Estate Planning and Probates

Nelson & Allen provides high quality estate planning, probate, and trust services. We emphasis personal planning, not standardized forms.

Our attorneys have depth of experience advising our widely diverse clients on all issues relating to their estate plans, generational transfers, and asset protection.


We advise our clients on practical estate planning strategies that preserve estates and family harmony. Our attorneys are dedicated to ensuring that each and every client creates an estate plan that achieves the client’s goals and will function without conflict during the critical moments.


Our attorneys also advise fiduciaries on all matters related to probate and trust administration. They are also experienced in representing clients entangled in estate and trust disputes.

If you are married, have significant assets, have children, or want to decide who gets your property upon your death, you probably need a will. Don’t put it off any longer. To help you get started, here are some answers to frequently asked questions.

Do I need a will?

Yes, if you want to decide who would take care of your family and how your possessions and money would be distributed if something happened to you.


In a will, you name your executor or personal representative—the person who makes sure your wishes are carried out; a guardian for your minor children; a trustee for the money and property you leave your minor children (or others); and your will also specifies how your assets not covered by contract or law are distributed, including special bequests or gifts.



If you die without a will, the state writes one for you. The court names a guardian for your minor children and divvies up your assets according to state law. If you’re single with no dependants, your parents or your siblings inherit your possessions. Friends, companions and charities do not receive any property. If you have no relatives, the state is the heir.

Is all my property distributed by my will?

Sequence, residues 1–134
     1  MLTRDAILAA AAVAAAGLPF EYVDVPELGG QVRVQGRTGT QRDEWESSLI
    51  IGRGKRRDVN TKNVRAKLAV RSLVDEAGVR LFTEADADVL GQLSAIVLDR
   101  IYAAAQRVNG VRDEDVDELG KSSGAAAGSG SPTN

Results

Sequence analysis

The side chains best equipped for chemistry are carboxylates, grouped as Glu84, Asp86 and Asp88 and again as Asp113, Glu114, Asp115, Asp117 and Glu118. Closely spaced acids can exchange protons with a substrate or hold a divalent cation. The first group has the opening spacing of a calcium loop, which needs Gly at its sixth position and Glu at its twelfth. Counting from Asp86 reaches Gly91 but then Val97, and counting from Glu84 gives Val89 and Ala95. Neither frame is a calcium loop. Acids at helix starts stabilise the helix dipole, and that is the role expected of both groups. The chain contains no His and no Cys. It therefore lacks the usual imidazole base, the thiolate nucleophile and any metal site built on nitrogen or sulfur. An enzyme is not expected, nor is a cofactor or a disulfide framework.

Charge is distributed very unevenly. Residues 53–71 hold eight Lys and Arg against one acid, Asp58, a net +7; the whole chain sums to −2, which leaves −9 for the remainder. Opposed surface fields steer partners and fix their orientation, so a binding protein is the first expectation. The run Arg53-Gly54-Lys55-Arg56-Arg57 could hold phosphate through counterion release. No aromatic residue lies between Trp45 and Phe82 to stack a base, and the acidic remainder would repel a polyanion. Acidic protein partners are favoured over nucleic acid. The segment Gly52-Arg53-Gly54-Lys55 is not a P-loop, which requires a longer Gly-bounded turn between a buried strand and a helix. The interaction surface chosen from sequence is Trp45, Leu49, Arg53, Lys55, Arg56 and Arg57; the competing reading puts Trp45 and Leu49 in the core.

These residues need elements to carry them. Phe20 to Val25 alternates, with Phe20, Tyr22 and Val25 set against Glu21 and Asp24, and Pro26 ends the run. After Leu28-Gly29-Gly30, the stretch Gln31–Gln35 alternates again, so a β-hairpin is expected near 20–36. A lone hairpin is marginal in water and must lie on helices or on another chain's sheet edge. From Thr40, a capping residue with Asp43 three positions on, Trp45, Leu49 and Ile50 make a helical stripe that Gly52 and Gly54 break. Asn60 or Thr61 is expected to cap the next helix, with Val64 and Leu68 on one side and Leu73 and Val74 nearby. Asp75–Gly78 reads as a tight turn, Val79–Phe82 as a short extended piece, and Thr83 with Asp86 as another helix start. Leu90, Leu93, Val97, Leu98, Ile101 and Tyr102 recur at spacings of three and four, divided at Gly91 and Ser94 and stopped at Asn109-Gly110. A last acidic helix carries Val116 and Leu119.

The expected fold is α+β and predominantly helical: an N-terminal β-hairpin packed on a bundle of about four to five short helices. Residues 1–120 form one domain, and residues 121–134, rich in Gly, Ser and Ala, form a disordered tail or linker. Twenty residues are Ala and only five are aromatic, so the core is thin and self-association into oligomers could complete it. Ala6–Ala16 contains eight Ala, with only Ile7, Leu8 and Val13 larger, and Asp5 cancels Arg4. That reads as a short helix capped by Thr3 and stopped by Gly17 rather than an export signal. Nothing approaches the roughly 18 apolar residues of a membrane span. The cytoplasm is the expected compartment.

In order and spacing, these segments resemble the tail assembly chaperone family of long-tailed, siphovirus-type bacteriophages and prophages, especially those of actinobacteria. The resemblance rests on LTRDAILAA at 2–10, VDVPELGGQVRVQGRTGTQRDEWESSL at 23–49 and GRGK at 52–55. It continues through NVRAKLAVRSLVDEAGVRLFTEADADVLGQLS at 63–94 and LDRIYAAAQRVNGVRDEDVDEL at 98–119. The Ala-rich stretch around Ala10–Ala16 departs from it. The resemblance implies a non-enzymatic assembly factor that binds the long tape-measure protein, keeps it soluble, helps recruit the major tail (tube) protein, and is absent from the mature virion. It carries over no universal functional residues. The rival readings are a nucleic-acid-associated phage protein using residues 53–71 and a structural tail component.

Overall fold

No. There are three ways your property passes to your heirs at death:


1. By Will. If it goes through the will, it also goes through probate.


2. By Contract or Trust. Life insurance policies, retirement plans (including IRAs and 401(k) and 403(b) plans) and payable of death (POD) and transfer on death (TOD) investments are all contracts. The beneficiaries you designate will inherit these assets directly (bypassing probate) regardless of what your will says. Make sure you update your beneficiary designations when your life changes. If you once named your former husband and your only child at the time as beneficiaries, your present husband and subsequent children will not share those assets, even if your will leaves all your possessions to them.
Assets in a trust set up during your lifetime (a living or “inter vivos” trust) will also go directly to the beneficiaries, avoiding probate.


3. By Law. If you own property with someone else as joint tenants with right of survivorship (JTWROS), your share will go directly to the surviving owner(s). This is a much faster, smoother way to inherit property than through a will, but make sure it’s the right choice for you. If you and your companion buy a house together and you want your children to inherit your share, you should own it as tenants in common, not JTWROS. ON the other hand, if you want to make sure a special person inherits your share of property directly with minimum publicity, joint tenancy works well.

What is probate, and is it bad?

Probate is the legal procedure to determine whether a will is valid, make sure debts and taxes are paid, and distribute property that passes to beneficiaries through your will. The process is public and can be expensive and time consuming. However, probate ties up the loose ends and limits the time creditors have to make a claim on the estate.

Do I need a lawyer to write my will?

Legally, you do not need a lawyer, but practically it is an excellent idea to pay one to write your will. Software programs and will kits are more valuable as educational tools than as substitutes for professional guidance.


Even the simplest of circumstances requires some technical knowledge. For example:

  • Minor children cannot inherit property directly, so you will need either a living trust (set up during your lifetime) or a testamentary trust (inside the will, established when you die). There are pros and cons to each.
  • A lawyer can ensure that a disabled child or other relative will not be disqualified from receiving public aid by the terms of your will.
  • Second marriages and family farms or businesses require more sophisticated estate planning strategies.
Is a will all I need?

A complete estate plan should include a will, a durable power of attorney, a living will, and a durable power of attorney for health care. A letter of instructions is optional but helpful.